A Brief Guide to Japanese Whisky
Japanese Whisky is hot stuff right now. In fact, I learned first-hand during a recent trip to Japan, how hard it is to get your hands on certain premium whiskies. As I write, distilleries large and small are ramping up production to meet the surging demand and interest in Japanese Whisky.
All this attention can be traced back to the early part of this century when Japanese whisky began earning international acclaim, In February, 2001, Whisky Magazine organized a blind tasting competition, and the Yoichi 10 year Single Cask won the highest honors. Curiously, about the time Japanese whiskies were winning fans at international tastings, the domestic market was in a slump, and most of the distilleries, big or small, were cutting back on production. And this pretty much explains why it’s darn tough to get your hands on a bottle of the 25 year Single Malt Hakushu unless your prepared to tap the equity in your house.
The Fascinating History of Whisky in Japan
While Americans were the first to bring whisky to Japan during during Commodore Perry’s opening of trade, the style and soul of Japanese whisky is positively scottish.
The latter half of the the 19th century in Japan, known as the Meiji Era, was a time of profound social and economic change. During this period, imported whisky become available in Japan – for those who had the money. After mock versions of whisky using shochu, a locally distilled liquor usually made from sweet potatoes, started selling well, serious attempts were being made to produce a locally distilled whisky.
The father figure of whisky in Japan is a man named Masataka Taketsuru. His fascinating life served as the inspiration for a widely popular television drama in Japan. Aftering growing up in the family sake business, he earned a degree in chemistry and fermentation, and infuriated his father by taking a job in the rapid growing industrial alcohol industry instead returning to the family business.. As you can imagine, for this time period, he was pretty much a rebel.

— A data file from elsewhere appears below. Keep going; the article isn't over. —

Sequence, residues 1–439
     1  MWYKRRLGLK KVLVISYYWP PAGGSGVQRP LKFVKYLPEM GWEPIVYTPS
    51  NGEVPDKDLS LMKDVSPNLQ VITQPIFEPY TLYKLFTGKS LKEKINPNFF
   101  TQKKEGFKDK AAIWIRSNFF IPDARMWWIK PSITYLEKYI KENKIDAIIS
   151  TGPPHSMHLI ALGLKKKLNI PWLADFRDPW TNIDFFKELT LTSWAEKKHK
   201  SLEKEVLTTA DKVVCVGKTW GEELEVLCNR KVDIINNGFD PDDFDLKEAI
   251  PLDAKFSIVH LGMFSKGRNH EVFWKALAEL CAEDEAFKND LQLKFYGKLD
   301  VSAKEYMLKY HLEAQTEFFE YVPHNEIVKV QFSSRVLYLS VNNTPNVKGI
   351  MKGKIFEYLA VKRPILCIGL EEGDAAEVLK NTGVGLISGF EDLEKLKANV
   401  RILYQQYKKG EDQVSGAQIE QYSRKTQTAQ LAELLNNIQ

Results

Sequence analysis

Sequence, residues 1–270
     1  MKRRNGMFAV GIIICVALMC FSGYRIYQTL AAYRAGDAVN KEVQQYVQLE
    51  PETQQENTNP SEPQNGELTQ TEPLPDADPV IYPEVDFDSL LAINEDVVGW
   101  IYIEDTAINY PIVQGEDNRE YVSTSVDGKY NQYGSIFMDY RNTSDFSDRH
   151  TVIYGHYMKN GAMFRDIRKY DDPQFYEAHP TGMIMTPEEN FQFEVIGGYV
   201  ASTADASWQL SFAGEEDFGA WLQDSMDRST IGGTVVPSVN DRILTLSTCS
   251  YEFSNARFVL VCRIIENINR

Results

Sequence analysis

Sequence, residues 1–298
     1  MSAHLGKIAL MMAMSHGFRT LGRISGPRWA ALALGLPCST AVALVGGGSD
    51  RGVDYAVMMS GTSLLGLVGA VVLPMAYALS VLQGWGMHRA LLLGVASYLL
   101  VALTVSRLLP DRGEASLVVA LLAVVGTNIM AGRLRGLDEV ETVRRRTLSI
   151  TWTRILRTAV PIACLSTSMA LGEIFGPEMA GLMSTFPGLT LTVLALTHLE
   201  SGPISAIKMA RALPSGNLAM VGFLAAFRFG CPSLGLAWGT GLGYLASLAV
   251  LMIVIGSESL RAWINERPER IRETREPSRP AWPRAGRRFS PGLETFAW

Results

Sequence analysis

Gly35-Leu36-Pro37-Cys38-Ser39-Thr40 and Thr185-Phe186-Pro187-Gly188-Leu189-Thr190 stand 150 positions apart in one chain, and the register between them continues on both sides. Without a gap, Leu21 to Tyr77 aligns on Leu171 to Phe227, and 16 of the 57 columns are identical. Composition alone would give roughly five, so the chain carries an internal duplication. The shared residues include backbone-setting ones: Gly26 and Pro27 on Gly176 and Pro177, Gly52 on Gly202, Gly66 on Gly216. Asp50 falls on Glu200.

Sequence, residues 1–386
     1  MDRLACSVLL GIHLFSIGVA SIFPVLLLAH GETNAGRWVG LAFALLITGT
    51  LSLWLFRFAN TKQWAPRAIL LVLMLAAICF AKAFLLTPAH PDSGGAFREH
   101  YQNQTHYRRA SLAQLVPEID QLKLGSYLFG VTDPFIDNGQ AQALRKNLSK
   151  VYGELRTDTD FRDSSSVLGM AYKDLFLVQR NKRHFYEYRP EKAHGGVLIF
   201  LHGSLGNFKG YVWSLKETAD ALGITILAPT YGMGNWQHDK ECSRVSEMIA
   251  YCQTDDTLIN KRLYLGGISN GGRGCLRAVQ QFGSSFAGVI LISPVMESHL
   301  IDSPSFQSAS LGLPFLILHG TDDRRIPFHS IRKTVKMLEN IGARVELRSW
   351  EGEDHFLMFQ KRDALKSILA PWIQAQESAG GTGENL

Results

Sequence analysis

Taketsuru was eventually dispatch by his employer to learn how to make authentic whisky in Scotland. While in Scotland Taketsuru gained an apprenticeship at a distillery, produced a legendary notebook on making scotch and fell in love with a local girl name Rita. They quickly married and returned to Japan to pursue his dream of making whisky. Taketsuru was soon working with Shinjiro Torii of Suntory Whisky, and was instrumental in establishing the first distillery at Yamazaki. He eventually left Suntory to establish is own whisky company, Nikka, in Hokkaido.
A Traveler’s Guide to Japanese Distilleries
One of the main stops on our culinary tour of Japan, Hakushu is located in the pristine mountain wilderness of Yamanishi and is surrounded by a large nature and wild bird sanctuary. Shinjiro Torii believed this was essential to preserving the environment and quality of water as this is the most important ingredient for good whisky.
Tours are available almost everyday except for major holidays. The distillery has hiking trails within the bird sanctuary, a restaurant with an outdoor patio, tasting bar, gift shop and is also home to the Suntory Museum of Whisky.
Surrounded by mountains and at the intersection of two rivers, Suntory’s Yamazaki distillery is the birthplace of whisky in Japan. It is located between Osaka h4and Kyoto. In 1984 the single malt Yamazaki was released, and the distillery now produces a 12, 18 and 25 year single malt as well as limited releases.
Tours are available and the distillery is known for its library of 7000 bottles of unblended malt whisky on display.
Located on the northern island of Hokkaido at a latitude similar to Toronto Canada, the Yoichi distillery has mountains on three sides and the sea of Japan on the other. Taketsuru was well aware of the difficulty starting getting a distillery off the ground, so he wisely set up an apple juice operation to keep the company afloat until the whisky was ready to sell.. The company still produces apple juice and apple brandy but at a different location. The distillery resembles a little village and each step of the whisky making process takes place in a separate building.
Guided and self-guided tours are available at the Yoichi distillery.
The highest distillery in Japan is located in Nagano prefecture between the southern and central alps of Japan. This location was chosen for its cool temperatures, slow maturation and soft water. Tax reforms on malt and a slump in demand hit the distillery hard in the early 90’s and production was paused for nearly 19 years. However, the pot stills were dusted off in 2010 and the company is now producing smooth and elegant whiskies. Thirty minute tours are available.
How to Drink & Taste Whisky
Like wine, tasting whisky starts with a look at the color and the aromas of its nose. You can drink whisky straight, but adding some water will open up the whisky and reveal some of the more intricate flavors such as caramel, wood, smoke, dried fruit, and spice. Most whisky in Japan is consumed with just ice, as a combination of whisky and soda water known as a highball or with a little water and ice ( mizuwari).